Speech Text Copied Below with Video Available HERE
Washington, D.C. – The U.S. Senate is expected to vote Tuesday on Senator Kirsten Gillibrand’s bipartisan amendment to create an unbiased military justice system following more than two decades of failure by the Department of Defense to address the crisis of sexual assault in the military. Despite incremental reforms, the DoD reported an average of 52 new cases of sexual assault each day and admitted zero progress in curbing the rampant retaliation against those who do report: 62 percent of servicewomen who reported an assault experienced some form of retaliation in 2014. Despite legislation that criminalized retaliation, the Pentagon cannot point to a single example of a serious disciplinary action taken against those who retaliate.
Senator Gillibrand filed the measure as an amendment (SA 1578) to the National Defense Authorization Act to reverse the systemic fear that survivors of military sexual assault describe in deciding whether to report the crimes committed against them due to the bias and inherent conflicts of interest posed by the military chain of command’s current sole decision-making power over whether cases move forward to a trial. This reform moves the decision whether to prosecute serious crimes to independent, trained, professional military prosecutors while leaving military crimes to the chain of command. The decision whether to prosecute 37 serious crimes uniquely military in nature, plus all crimes punishable by less than one year of confinement (Article 15, non-judicial punishment), would remain within the chain of command.
The full text of Gillibrand’s remarks from last week on the Senate floor are copied below and video is available here.
“Mr. President, the Senate needs to have a vote on this amendment.
“Over the last few years, Congress has forced the military to make incremental changes to address the crisis of sexual assault and after two decades of complete failure, and lip service to ‘zero tolerance’ – the military now says, essentially, ‘Trust us this time, we got it’
“They spin the data, hoping nobody will dig below the surface of their top lines because when you do, you find that:
“The assault rate is exactly where it was in 2010.
“We still see an average of 52 new cases every single day, and three out of four service-member survivors still don’t think it’s worth the risk of coming forward to report the crimes committed against them.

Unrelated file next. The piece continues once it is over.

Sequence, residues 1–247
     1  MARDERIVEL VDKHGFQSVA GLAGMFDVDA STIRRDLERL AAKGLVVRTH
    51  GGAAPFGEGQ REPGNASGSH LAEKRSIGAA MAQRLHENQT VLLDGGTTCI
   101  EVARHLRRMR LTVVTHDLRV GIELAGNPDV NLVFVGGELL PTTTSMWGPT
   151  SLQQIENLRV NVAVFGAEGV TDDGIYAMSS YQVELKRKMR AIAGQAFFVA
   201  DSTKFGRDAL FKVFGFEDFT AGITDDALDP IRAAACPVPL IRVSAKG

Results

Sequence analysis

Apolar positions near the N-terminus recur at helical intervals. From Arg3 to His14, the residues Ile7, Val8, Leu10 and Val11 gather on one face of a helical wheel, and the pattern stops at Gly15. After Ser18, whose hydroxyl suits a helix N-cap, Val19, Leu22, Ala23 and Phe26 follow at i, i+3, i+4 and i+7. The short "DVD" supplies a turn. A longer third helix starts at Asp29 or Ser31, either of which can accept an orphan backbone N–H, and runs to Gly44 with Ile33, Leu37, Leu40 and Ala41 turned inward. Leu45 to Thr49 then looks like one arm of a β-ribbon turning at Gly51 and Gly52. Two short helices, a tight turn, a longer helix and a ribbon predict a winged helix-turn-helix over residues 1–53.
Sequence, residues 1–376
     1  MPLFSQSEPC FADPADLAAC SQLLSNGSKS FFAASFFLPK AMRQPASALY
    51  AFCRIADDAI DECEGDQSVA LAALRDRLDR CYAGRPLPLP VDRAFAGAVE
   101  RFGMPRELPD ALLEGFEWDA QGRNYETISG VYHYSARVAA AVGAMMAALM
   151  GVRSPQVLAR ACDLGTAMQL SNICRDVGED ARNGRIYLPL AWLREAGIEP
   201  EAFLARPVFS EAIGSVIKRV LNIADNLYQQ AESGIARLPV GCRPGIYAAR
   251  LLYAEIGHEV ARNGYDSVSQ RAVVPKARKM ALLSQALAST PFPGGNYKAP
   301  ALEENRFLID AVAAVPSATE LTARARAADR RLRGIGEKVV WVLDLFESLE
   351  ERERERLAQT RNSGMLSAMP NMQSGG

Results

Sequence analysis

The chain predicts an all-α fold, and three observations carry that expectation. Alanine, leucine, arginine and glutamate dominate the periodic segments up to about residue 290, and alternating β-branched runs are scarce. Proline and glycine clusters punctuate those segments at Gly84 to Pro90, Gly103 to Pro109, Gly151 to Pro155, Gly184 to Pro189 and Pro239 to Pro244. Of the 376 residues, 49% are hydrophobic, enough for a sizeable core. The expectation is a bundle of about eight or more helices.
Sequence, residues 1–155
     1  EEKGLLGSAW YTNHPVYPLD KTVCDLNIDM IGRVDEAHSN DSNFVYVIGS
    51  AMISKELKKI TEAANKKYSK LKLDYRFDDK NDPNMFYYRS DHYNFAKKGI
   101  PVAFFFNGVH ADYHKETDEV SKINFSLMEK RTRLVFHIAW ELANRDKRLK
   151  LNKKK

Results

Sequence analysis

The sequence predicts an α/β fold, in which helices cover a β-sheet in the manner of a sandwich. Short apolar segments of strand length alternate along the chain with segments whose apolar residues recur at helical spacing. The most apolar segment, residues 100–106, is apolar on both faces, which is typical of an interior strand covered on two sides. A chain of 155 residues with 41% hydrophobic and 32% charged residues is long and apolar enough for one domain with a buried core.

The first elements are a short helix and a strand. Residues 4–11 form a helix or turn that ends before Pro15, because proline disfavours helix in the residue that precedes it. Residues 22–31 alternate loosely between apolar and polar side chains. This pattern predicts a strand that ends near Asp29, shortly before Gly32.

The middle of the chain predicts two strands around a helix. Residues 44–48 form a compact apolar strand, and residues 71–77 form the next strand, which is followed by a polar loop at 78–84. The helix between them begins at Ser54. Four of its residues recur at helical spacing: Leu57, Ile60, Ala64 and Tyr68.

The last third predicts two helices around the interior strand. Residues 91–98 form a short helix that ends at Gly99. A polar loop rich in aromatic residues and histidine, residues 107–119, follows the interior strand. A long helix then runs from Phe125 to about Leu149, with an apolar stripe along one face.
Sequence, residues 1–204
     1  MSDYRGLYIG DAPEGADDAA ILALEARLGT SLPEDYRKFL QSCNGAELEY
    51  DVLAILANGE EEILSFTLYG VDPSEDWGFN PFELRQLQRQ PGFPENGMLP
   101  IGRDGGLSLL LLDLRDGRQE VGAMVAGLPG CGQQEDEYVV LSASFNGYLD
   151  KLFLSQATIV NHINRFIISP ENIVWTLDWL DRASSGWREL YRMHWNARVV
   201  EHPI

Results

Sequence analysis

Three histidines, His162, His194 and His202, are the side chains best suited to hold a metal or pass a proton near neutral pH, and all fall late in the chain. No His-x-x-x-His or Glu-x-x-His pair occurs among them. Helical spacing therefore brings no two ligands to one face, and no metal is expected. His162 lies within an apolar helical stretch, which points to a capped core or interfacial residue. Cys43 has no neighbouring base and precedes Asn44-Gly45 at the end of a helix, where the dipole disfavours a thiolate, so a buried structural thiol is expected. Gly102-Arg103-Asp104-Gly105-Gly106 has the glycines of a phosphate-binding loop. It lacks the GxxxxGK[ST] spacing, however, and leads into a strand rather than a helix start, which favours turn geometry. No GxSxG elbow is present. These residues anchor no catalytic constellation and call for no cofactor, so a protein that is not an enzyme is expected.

“One in seven victims was assaulted by someone in their chain of command.
“In 60 percent of cases, a supervisor or unit leader is responsible for sexual harassment or gender discrimination.
“It’s no surprise then, that one in three survivors believe that reporting would hurt their career.
“For those who do report, they are more likely than not to experience retaliation.
“Despite a much-touted reform that made retaliation a crime, the DoD made zero progress on improving the 62 percent retaliation rate that we had in 2012.
“According to a Human Rights Watch report, the DoD cannot provide a single example of serious disciplinary action taken against those who retaliate.
“A sexual assault survivor is 12 times more likely to suffer retaliation than see their offender get convicted for a sex offense.
“And in my close review of 107 cases from the four largest military bases in the country, one for each service, I found that nearly half of those who did move forward and report, ended up dropping out.
“Survivors still have little faith in the system. Under any metric, the system remains plagued with distrust, and does not provide the fair and just process that survivors deserve.
“Simply put, the military has not held up to the standard posed by General Dempsey one year ago, when he said the Pentagon was on the clock.
“I urge my colleagues to hold the military to that higher standard. Let’s put these decisions into the hands of trained, seasoned prosecutors.
“Enough is enough with the spin, with the excuses, and with the promises. We must do the right thing and act.
“Thank you, and I yield the floor.”